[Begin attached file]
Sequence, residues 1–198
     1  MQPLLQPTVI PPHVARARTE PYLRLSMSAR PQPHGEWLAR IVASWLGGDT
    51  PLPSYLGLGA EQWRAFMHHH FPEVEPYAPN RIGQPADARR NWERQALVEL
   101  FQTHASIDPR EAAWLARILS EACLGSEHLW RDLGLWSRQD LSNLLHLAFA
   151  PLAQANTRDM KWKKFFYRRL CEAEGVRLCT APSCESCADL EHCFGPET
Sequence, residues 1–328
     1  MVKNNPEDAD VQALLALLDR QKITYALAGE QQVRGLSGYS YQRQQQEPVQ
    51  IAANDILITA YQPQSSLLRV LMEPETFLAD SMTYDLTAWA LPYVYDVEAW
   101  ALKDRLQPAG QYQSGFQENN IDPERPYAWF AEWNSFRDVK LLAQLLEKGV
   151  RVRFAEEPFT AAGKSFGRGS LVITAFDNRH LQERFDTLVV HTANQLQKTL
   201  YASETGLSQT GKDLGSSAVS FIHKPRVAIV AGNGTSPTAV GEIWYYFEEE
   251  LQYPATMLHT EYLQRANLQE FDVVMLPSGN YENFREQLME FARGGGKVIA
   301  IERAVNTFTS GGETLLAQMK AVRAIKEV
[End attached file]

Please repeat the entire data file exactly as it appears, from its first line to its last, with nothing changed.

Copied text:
Sequence, residues 1–198
     1  MQPLLQPTVI PPHVARARTE PYLRLSMSAR PQPHGEWLAR IVASWLGGDT
    51  PLPSYLGLGA EQWRAFMHHH FPEVEPYAPN RIGQPADARR NWERQALVEL
   101  FQTHASIDPR EAAWLARILS EACLGSEHLW RDLGLWSRQD LSNLLHLAFA
   151  PLAQANTRDM KWKKFFYRRL CEAEGVRLCT APSCESCADL EHCFGPET
Sequence, residues 1–328
     1  MVKNNPEDAD VQALLALLDR QKITYALAGE QQVRGLSGYS YQRQQQEPVQ
    51  IAANDILITA YQPQSSLLRV LMEPETFLAD SMTYDLTAWA LPYVYDVEAW
   101  ALKDRLQPAG QYQSGFQENN IDPERPYAWF AEWNSFRDVK LLAQLLEKGV
   151  RVRFAEEPFT AAGKSFGRGS LVITAFDNRH LQERFDTLVV HTANQLQKTL
   201  YASETGLSQT GKDLGSSAVS FIHKPRVAIV AGNGTSPTAV GEIWYYFEEE
   251  LQYPATMLHT EYLQRANLQE FDVVMLPSGN YENFREQLME FARGGGKVIA
   301  IERAVNTFTS GGETLLAQMK AVRAIKEV